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Deep Cuts with Florencia Prats aka Bicéfala | The Feminine Mystique

Raven Ravishing, 2020

Introducing Florencia Prats aka Bicéfala, Berlin Collagist


/DRI:M/ARTZ: You are a Berlin-based artist originally from Buenos Aires, Argentina. Both are edgy cities renowned for their arts and cultural scenes, including graffiti and street art. As much as I love Berlin, the temperate climate of Buenos Aires appeals more to me. If you had to help me choose between the two, which city would you recommend and why?

Florencia Prats aka Bicéfala: Difficult to say right off the bat, I guess it really depends on what you're looking for as both offer different things. On the one hand, Berlin in the summer is really one-of-a-kind. Once the temperature rises and the days become sunnier and longer, everyone will come out of their caves, hoards of young tourists will get to the city (well, in non-pandemic times, of course) and the parks, lakes, and party districts become something of a big long festival. I'm not much of a "people person" but it's remarkable because it's such a huge contrast. Subsequently, winter will come again and, like the Pied Piper of Hamelin, it will lead the children out of the city. Buenos Aires, on the other hand, definitely has sunlight and warmth, to a certain degree, almost all year round (it does get quite chilly in the wintertime though!). I must say it—Buenos Aires has prettier architecture and a natural, romantic charm and authenticity that I miss a lot. Berlin is grey and grittier, more industrial, with remnants of a terrifying history. Both are interesting in their own right! While it could very well be said that Buenos Aires is one of the most cosmopolitan cities of its region, it is also not the European rave-hub that Berlin is. At the end of the day, Berlin is a rich European city and Buenos Aires is still a Latin American capital with all the sociopolitical and economic differences that this entails.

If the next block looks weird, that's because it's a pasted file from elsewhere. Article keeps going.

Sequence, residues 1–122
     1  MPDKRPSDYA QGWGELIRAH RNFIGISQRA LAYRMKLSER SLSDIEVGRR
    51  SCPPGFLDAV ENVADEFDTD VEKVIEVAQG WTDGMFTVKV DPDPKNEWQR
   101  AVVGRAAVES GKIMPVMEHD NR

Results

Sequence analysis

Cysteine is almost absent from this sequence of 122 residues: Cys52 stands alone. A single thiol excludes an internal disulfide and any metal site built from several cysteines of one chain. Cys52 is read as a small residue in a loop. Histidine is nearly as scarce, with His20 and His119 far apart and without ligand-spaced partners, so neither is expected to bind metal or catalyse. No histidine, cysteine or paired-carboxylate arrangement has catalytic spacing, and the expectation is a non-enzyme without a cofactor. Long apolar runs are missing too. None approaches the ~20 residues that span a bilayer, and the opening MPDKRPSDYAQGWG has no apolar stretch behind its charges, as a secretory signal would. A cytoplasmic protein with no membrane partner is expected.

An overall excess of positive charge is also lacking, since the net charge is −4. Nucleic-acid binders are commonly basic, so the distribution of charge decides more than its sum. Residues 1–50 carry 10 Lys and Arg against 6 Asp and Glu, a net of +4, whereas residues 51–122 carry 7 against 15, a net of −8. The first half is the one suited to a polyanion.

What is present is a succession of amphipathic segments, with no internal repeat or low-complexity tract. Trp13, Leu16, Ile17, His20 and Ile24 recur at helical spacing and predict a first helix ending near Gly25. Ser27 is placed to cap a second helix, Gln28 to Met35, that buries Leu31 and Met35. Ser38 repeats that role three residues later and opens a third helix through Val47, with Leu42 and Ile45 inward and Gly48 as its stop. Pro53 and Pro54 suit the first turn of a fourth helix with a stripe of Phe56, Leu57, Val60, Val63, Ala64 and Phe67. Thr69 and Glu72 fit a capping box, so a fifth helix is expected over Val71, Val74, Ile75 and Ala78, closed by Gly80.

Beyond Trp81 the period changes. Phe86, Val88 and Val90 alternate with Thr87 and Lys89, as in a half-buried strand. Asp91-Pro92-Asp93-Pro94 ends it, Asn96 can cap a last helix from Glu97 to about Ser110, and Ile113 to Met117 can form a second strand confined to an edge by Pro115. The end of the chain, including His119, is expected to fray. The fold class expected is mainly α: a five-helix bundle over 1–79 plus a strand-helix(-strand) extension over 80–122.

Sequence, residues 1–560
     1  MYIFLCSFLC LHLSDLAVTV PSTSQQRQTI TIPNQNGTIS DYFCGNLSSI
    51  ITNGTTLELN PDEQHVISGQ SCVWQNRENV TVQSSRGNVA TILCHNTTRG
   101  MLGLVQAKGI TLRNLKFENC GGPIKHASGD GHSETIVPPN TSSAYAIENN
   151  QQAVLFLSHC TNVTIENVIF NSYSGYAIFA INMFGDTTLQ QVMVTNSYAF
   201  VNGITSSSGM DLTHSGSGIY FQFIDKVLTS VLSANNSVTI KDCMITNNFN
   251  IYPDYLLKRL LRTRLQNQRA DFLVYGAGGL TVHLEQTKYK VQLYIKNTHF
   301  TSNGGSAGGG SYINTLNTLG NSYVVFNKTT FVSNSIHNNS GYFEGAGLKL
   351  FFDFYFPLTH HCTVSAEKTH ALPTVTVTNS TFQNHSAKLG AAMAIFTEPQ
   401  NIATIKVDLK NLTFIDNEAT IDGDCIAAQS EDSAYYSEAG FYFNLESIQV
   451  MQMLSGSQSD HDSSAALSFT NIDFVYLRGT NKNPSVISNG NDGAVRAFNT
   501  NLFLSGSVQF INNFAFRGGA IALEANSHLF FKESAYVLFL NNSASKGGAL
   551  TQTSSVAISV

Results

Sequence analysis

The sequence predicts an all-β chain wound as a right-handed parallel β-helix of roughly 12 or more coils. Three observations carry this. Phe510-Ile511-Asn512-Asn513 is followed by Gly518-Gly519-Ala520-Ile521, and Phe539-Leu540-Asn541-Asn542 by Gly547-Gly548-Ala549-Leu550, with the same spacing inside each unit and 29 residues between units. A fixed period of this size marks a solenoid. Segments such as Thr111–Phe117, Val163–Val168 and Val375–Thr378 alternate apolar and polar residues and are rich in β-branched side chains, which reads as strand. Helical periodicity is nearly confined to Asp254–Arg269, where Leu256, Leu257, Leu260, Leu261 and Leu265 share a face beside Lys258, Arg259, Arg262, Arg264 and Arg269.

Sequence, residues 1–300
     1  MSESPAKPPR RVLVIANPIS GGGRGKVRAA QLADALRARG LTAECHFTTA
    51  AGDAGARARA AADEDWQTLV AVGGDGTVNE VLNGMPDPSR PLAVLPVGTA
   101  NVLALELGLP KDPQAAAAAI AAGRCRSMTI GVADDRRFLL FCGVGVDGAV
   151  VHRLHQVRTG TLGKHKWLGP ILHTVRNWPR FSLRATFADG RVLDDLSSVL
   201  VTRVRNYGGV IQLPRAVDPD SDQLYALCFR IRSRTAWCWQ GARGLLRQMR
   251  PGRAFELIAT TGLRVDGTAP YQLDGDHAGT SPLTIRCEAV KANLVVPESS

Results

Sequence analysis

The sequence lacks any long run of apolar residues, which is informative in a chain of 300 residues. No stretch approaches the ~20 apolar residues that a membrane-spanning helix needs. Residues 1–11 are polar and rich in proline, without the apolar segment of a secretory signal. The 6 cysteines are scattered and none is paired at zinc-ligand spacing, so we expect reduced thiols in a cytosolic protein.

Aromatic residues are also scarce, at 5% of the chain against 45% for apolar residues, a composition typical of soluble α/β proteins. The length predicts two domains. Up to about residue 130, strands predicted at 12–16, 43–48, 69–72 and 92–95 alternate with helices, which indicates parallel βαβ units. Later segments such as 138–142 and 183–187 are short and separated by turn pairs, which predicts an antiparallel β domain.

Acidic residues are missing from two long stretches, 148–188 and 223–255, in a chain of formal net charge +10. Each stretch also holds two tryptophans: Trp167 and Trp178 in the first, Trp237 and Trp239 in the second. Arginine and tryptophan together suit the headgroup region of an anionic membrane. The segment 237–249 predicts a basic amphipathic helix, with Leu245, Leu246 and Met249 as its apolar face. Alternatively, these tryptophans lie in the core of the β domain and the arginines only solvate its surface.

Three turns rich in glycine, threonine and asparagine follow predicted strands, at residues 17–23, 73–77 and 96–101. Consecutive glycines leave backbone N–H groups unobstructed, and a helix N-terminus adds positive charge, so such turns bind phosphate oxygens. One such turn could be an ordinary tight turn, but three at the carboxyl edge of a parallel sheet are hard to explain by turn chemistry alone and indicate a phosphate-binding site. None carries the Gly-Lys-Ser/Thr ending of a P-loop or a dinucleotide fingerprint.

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What's Inside a Girl?, 2020 / Opium Dreams, 2020 / A Spell was Cast, 2021

DA: You are an entrepreneur and have worked on a variety of different projects. Did you have an artistic background growing up? How much of it is what you’ve been taught? What have you learned on your own and what tools have guided you?